With a splashy fashion show and an advertising spread in September's Vogue magazine, Wal-Mart lately is trumpeting its desire to be a contender for space in the closets of America's style mavens.Though the designs may be the same the prices surely aren’t:
But the company's efforts to reposition itself as a purveyor of hip threads - ground it once ceded to rival Target - has attracted some negative attention, in the form of a lawsuit from the retail chain Anthropologie.
In a complaint filed last week in U.S. District Court in Manhattan, Anthropologie and its parent company, Urban Outfitters, allege that Wal-Mart copied several fabrics designed by Anthropologie.
The suit charges Wal-Mart, the world's largest retailer, with copyright infringement, deceptive trade practices and unfair competition.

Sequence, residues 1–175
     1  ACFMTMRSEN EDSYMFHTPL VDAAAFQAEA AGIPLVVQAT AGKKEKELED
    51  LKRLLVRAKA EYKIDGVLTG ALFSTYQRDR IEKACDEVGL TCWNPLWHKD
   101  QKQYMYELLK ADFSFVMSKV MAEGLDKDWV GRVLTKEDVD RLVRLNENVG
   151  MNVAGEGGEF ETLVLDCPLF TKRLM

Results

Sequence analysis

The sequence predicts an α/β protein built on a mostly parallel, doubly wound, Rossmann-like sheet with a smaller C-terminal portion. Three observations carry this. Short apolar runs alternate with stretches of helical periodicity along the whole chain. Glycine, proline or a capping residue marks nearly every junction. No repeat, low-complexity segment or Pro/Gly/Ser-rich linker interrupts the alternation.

The complaint singles out one Wal-Mart product, a skirt from the company's George brand, called "Women's Plus Floral Border Skirt." That skirt is on sale on Wal-Mart's Web site for $12 (down from $16.92); on Anthropologie's Web site, most skirts retail in the range of $100 to $250.Maybe Anthropologie needs to follow Wal-Mart’s lead and begin making its floral skirts in Bangladeshi sweatshops. Then again Anthrpologie would be facing a lawsuit of its own, for having suppliers that systematically mistreat their workers.